Dunbine’s appearance is based on a humanoid insect. It has a largely curvy body with visible bone white claws. While its colouring isn’t anything out of the ordinary, considering the time, but one of the main points it has for it are the yellow insect wings it has on its back. All that gives is a distinct feeling from previous Tomino’s works, all of which largely used industrial cubic shapes.
Another 80’s mecha that is more or less organic in design is Iczer-Robo.
Iczer-Robo is a relatively early example of a bionic being, composed of both mechanical and biological components. It’s outer appearance has flowing smooth lines, but do carry certain industrial vibes. It is between the two, but inside it is very much organic. We even see Iczer Sigma’s birth in the series in a giant tank without any of its armour, basically saying that Iczer-1’s robot are not as much build as they are grown. In many ways, Evangelion’s concept of having an organic being in an armour restraints controlled by a human inside a cockpit surrounded by a liquid is nothing new, as Iczer-Robo did it first.
To directly contrast Dunbine, let’s go with the King of GMs, Ideon.
Ideon is such a strange design at first, especially when you consider it is formed of three separate units. At first, it’s not particularly pretty mecha to look at, but it grows on you. It’s follows the archetype of a blocky mecha as its body can be broken down to cubic geometrical shapes very easily. Drawing a very rough sketch with just boxes is very easy and good practice. It’s completely opposite to Dunbine’s shapes. Some years later, Makoto Kobayashi actually designed and built an organic Ideon model, and while that is more directly organic being, the contrast is striking.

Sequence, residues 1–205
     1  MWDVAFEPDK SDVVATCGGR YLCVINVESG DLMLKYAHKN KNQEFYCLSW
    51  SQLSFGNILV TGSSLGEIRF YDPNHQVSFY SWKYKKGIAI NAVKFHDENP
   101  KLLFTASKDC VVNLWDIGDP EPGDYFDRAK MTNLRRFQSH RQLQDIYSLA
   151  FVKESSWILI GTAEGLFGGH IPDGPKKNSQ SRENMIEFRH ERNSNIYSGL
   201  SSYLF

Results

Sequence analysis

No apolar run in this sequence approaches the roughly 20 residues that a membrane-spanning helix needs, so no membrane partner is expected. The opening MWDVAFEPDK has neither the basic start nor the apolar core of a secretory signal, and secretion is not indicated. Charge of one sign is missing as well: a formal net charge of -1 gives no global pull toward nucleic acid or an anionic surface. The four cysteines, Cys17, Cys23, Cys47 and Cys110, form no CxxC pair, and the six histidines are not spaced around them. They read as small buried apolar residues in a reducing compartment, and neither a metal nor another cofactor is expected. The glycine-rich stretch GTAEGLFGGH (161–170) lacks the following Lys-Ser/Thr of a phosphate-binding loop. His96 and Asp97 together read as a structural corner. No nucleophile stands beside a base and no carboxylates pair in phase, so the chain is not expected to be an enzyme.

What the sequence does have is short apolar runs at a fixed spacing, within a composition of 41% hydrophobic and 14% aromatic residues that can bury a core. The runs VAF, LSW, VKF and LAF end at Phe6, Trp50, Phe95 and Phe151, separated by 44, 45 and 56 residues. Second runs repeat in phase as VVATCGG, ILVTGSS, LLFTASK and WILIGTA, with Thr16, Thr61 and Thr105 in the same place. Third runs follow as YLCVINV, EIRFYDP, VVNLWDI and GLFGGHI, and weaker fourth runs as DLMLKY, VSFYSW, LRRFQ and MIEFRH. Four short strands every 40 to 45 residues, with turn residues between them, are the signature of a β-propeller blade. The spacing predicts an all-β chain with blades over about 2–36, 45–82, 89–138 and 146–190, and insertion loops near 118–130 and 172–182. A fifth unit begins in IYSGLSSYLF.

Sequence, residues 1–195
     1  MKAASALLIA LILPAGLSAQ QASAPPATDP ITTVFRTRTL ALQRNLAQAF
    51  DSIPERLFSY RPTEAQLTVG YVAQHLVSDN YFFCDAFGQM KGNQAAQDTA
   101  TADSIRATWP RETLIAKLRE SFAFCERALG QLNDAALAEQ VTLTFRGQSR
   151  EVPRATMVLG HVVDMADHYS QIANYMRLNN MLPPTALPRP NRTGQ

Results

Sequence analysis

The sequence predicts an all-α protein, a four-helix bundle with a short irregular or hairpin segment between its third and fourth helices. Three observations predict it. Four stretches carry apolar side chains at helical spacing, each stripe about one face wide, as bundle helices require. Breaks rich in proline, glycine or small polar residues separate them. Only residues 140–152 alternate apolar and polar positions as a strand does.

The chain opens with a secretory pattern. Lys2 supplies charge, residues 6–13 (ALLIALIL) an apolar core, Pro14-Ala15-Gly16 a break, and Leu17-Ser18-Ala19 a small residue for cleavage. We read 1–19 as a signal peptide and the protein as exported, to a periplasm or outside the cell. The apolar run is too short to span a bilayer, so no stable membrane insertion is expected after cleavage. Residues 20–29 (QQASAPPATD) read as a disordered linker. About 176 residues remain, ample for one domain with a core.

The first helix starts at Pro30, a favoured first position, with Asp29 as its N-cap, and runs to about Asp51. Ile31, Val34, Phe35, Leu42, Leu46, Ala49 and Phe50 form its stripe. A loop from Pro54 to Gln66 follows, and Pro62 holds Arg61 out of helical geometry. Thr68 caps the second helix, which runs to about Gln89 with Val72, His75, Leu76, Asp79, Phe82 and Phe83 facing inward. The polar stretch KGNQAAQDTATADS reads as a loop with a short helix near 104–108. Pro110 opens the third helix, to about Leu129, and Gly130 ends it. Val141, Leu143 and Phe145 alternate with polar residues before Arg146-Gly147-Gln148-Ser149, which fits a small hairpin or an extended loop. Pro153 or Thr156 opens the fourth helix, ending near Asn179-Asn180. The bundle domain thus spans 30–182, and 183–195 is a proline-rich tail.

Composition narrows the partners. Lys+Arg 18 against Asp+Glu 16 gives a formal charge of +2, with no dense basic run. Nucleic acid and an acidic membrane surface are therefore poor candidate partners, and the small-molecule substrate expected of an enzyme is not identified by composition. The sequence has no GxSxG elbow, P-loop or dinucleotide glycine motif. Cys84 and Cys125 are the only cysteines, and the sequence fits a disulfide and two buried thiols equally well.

The contrast between the two is striking, but both are the same core design, just in different style. Not only did it lose pretty much all of its boxiness, but also lost mass here and there. Some elements were changed to fit primordial god theme slightly more, which is evident of its slightly grotesque appearance. Plain red was replaced with broken, earth red instead with the occasional blob of light grey and bright red at joints.
Maybe one of the most famous industrial looking robot in sub-culture is the one that was designed to look like an American car.
Robocop‘s ED-209 is an exceptional example of industrial designed mecha. It’s form follows the function and nothing is really unnecessary. The joints look robust and strong, mechanical. It’s colour is largely that dull gray with a blue hue with black governing top of the main body, red are spared for wires and weapon bits. Steel grey is evident from bits that require to look like bare steel, and you have that yellow-black striping showing what parts to be wary of. It’s a hulking beast that doesn’t have softness to it despite having curves. They’re all cold and designed, rather than organically stemming from the body. It’s a terrific, iconic design.
Of course, there are a lot of things you can do between organic and mechanical design, not just in looks but how the mecha act and move. Zoids are largely designed to look like industrial machines, but their organic nature comes from them acting like animals instead of machines. Shield Liger for example moves like a real big cat and all the joints and the like are designed to accommodate this despite it’s overall industrial look. Just look this PV of MasterPiece-01 Shield Liger and how they made the model itself move.
I’m rather impressed on how they got the side parts to move like it was breathing or moving muscles around
As you can see, you can mix organic and mechanical together rather large degree for various kinds of effects. Just like with every other post in this mecha design series, the best way to look into this is to study actual existing examples. For organic, it’s the body structure and shapes of real life creatures that you could use to make a giant robot. For industrial design it’s much easier, as there are numerous books going over that topic.
Real world is a very good source for examples to learn from, instead of looking into existing mecha design. Modelling a mecha after something real and giving it a mechanical twist, but perhaps in an organic fashion, can lead to interesting and great designs. Or just nab a fighter jet plane and use its elements to make a whole tech three of giant robots.